Now obviously, this being a naturally-created marvel and a habitat to many pokémon, I want to treat it with the utmost respect and reverence.
The Cave proves, unsurprisingly, to be full of Digletts, which allows me to mine some XP for Steevee. At the other end, a guy bemoans how hard it is to get through Rock Tunnel without Flash. Loser.
I pick up the HM from Oak’s Aide in the Gatehouse anyway, because the later dungeons where it’s needed are probably gonna be a bit trickier.
I wrote that sentence in my notes on Saturday.
It has taken on something of a meaning since then.
I Fly back to Lavender and head south on Route 12. I almost forget to check out whether there’s anything to get in the Gatehouse, and end up grabbing the very useful Swift TM, a move with guaranteed 100% accuracy which I teach to FlappyNerd. Because having to fight the ghost of an orphan’s mum wasn’t harrowing enough, the trainer who gives me the TM informs me that they “don’t need this anymore” because their pokémon also died. What a fun childrens’ game this is.
My new Pokéflute means I can shift this lazy-arse:
It proves a pretty easy battle. I nip through to Vermilion Pokémon Centre for some item-shifting, and on my way back, I decide it’s time for a major point in one party member’s story.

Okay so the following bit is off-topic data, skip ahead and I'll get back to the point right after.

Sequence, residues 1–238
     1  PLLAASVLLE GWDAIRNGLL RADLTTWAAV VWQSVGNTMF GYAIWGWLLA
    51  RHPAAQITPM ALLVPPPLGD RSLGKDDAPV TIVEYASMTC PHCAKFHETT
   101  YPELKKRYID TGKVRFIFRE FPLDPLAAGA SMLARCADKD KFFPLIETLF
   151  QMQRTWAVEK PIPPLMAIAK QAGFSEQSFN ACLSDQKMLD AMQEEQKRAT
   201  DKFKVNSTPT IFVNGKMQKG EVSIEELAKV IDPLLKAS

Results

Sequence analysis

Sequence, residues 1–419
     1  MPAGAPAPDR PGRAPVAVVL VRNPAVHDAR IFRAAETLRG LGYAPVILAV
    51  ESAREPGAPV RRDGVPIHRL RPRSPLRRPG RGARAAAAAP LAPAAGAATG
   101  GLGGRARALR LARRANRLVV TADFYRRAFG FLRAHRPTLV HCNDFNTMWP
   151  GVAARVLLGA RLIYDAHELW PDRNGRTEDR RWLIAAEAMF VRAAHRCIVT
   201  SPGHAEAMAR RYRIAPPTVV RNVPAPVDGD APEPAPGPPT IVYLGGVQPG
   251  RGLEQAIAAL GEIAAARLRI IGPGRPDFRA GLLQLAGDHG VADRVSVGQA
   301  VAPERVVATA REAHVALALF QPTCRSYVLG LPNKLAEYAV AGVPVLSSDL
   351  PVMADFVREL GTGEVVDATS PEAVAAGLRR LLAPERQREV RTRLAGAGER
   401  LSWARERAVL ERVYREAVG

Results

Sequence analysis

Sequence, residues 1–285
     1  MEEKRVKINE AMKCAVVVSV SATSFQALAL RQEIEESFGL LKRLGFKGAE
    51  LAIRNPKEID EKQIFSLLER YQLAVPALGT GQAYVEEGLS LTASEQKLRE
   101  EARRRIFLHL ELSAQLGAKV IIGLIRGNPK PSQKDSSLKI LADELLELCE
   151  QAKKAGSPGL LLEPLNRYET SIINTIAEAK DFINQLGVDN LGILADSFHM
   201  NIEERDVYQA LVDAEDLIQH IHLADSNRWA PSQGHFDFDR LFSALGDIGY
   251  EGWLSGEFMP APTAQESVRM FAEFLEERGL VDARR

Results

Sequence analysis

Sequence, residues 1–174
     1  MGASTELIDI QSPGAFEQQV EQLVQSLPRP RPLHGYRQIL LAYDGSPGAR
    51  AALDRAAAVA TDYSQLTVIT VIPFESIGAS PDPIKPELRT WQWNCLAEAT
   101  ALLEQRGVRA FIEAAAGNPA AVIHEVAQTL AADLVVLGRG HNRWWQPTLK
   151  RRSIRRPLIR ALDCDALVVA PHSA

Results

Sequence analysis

With her new Electric type in play, I teach her Flash and Thunderbolt.
I also pick this up:
I continue battling my way down Routes 12 & 13, two of my favourite areas of the game.
I’m not sure why, but the memory of really enjoying the game in these areas during my very first playthrough as a kid has always stuck with me. Maybe it was the memorable design, maybe it was something to do with never before having experienced a world of this scale that was just mine to explore and love. Whatever it was, this corner of Kanto feels like home and a new frontier all at the same time, and probably always will. Sorry, there aren’t any jokes here, just a happy little boy in a grown-up’s life, stepping back into one of his favourite places in the world.
The Routes, filled as they are with Fishermen and Bird Trainers, are prime hunting ground for Steevee, who levels all the way up to 35. I manage to forget just how much more of a walk it is to Fuschia City, so I pull one tactical retreat to Lavender Town to heal up. I make a concerted effort to level up Smol, because Psybeam is gonna be vital in the Poison-type Fuschia gym.
After encountering this expert…
…the only trainer in the game who can be described as a good loser…
…and one who perhaps takes losing to me a touch too hard…
…I reach Fuschia with my team looking like this:
See, I have two bits of business in the pink city. One’s the gym, which comes later. Now…
Again, I always feel a lovely buzz of nostalgia in this place…
…but this time, given my limitations, I rush through in an attempt to pick up the things I desperately need – HM03 Surf, the Warden’s teeth which I need to get HM04 Strength, and…
As you may know, Safari battles, where you’re without your pokémon and have to just chuck stuff and hope for the best, can be difficult: